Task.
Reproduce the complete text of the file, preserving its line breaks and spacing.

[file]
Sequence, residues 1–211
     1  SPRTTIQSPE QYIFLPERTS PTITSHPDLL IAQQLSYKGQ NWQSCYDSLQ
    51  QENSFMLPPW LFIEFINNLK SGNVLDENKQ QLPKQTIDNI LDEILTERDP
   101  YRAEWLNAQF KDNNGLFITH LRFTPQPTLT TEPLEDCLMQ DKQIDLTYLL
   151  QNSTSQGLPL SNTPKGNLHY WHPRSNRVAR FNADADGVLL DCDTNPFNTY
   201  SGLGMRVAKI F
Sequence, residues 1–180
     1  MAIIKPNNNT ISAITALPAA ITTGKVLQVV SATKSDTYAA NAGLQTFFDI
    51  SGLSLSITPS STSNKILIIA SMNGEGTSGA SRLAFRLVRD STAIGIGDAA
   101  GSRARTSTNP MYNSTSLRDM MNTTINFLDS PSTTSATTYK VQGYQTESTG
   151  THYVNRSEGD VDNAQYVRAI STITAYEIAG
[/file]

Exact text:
Sequence, residues 1–211
     1  SPRTTIQSPE QYIFLPERTS PTITSHPDLL IAQQLSYKGQ NWQSCYDSLQ
    51  QENSFMLPPW LFIEFINNLK SGNVLDENKQ QLPKQTIDNI LDEILTERDP
   101  YRAEWLNAQF KDNNGLFITH LRFTPQPTLT TEPLEDCLMQ DKQIDLTYLL
   151  QNSTSQGLPL SNTPKGNLHY WHPRSNRVAR FNADADGVLL DCDTNPFNTY
   201  SGLGMRVAKI F
Sequence, residues 1–180
     1  MAIIKPNNNT ISAITALPAA ITTGKVLQVV SATKSDTYAA NAGLQTFFDI
    51  SGLSLSITPS STSNKILIIA SMNGEGTSGA SRLAFRLVRD STAIGIGDAA
   101  GSRARTSTNP MYNSTSLRDM MNTTINFLDS PSTTSATTYK VQGYQTESTG
   151  THYVNRSEGD VDNAQYVRAI STITAYEIAG